Voters in two York County Council districts will return to the polls Tuesday to choose nominees.
Incumbents in Districts 2 and 4 finished first in the June 10 party primaries. But with three candidates in both races, neither incumbent captured more than 50 percent of the votes cast, creating the runoffs on Tuesday.
In District 2, first-term incumbent Tom Smith fell a handful of votes shy of reclaiming his seat representing Clover and Lake Wylie. He's backed by Bill Stiles, who was eliminated in the primary, because Smith's views are more like his, Stiles says.
Fellow Republican David McCorkle, who wants to unite the community with neighborhood meetings to discuss issues, took 33 percent of the vote. No Democrats have filed for the seat.
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In District 4, William "Bump" Roddey, a 34-year-old who promised to bring a fresh vision to the county, is taking on Roy Blake Tuesday. Blake, 59, who has represented the southwestern Rock Hill district for two terms, led the primary with 47 percent of the vote. Roddey followed with nearly 35 percent, and Gwendolyn Connor was eliminated.
The winner will face Republican Tom Hardin in November.
All candidates are worried that low voter turnout in the June 10 primaries could result in fewer voters Tuesday. About 11 percent of all York County registered voters casts ballots June 10; fewer than 10 percent voted in most of the northern part of the county where District 2 represents.
"It's like a rezoning," Smith said of the low voter turnout, "only unhappy people come to the meetings."
Nearly 1600 voters cast ballots in District 4 compared to less than 1100 in the Clover and Lake Wylie District.
Blake, who is pushing for a waste-to-engery plant for trash disposal and a prescription drug card that provides discounts for everyone, is counting on his experience to carry him in the runoff.
If re-elected, Blake would also like to see more money spent on the impoverished Blackmon Road community in his district. He said water and sewer lines need to be extended to residents there.
Blake said he thinks it would be a mistake if District 4 voters chose to start over with a new council representative.
"There's no need to change now," Blake said. "My opponent at best has a little knowledge, no experience with the workings of our county government."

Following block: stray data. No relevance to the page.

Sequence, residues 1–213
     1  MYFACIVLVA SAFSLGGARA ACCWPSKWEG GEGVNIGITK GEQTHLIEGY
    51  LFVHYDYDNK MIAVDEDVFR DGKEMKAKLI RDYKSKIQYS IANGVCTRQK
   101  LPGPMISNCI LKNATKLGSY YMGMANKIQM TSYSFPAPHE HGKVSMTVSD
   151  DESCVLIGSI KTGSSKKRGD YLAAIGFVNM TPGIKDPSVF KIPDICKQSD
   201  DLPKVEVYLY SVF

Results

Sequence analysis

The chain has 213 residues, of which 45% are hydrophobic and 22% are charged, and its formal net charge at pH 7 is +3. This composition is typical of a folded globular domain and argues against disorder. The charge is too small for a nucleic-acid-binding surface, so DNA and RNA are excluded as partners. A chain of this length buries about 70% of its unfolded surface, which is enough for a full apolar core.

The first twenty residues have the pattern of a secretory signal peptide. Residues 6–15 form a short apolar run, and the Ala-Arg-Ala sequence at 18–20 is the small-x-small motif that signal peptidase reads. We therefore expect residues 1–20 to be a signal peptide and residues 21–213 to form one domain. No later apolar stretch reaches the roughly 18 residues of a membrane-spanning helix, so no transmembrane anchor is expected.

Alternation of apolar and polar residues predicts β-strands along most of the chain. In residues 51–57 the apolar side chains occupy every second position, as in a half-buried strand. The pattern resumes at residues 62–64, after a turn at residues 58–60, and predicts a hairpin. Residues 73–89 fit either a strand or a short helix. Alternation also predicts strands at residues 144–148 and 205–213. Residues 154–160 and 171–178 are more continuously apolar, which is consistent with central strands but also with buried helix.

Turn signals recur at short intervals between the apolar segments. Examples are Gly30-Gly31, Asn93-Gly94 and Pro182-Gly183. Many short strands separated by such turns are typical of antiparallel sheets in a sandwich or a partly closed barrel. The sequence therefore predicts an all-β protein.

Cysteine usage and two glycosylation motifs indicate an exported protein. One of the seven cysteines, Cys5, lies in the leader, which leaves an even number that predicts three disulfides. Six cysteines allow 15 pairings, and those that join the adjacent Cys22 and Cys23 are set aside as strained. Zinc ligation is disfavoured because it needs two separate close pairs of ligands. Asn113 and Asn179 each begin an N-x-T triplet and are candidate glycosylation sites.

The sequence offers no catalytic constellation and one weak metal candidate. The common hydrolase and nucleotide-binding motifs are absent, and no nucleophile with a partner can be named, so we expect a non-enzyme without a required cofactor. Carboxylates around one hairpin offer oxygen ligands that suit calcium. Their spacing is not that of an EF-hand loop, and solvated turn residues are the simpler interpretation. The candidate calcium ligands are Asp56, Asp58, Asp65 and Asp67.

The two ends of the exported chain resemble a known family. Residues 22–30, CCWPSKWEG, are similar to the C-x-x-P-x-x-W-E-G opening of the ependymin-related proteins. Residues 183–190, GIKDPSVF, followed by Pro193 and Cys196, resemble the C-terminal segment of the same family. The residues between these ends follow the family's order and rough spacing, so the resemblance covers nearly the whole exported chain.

Roddey, who wants to attract businesses by beautifying the district, countered by asking what Blake's experience has done for the area.
"What has his experience got us? It (The district) looks the same as it did 20 years ago," Roddey said. "Since Roy's been in the seat, I think community pride has gone down -- without a voice for the community."
Roddey has received no formal support from Connor, but he hopes voters who supported her June 10 will back him Tuesday.
"The people that voted for her voted against Roy for a change of leadership. That change is now possible if they cast a vote for me," Roddey said. "I need them. Our community and district need them to get out and vote Tuesday."
Smith, 44, said he wants to complete the job he started on council in 2007. He said he wanted to achieve the goals he set going into the term: working out a development agreement with large landowners for school sites and lower density on the lake; upfitting the staff for continuity and consistency; purchasing Carolina Water Service; and strengthening the county's anti-litter program.
McCorkle, 54, says he's more interested in being a group organizer than a politician.
"Right now we operate in the shadows," McCorkle said of community involvement in county decisions. "If I get people involved in an advisory council, we can take a unified fight on what we want. We need a visible police force, fire force in Lake Wylie."
Smith said he's been accessible to residents, who can call him and discuss issues.
County council members serve two-year terms and receive $15,500 annually.
Lake Wylie Pilot Reporter John Marks contributed to this story.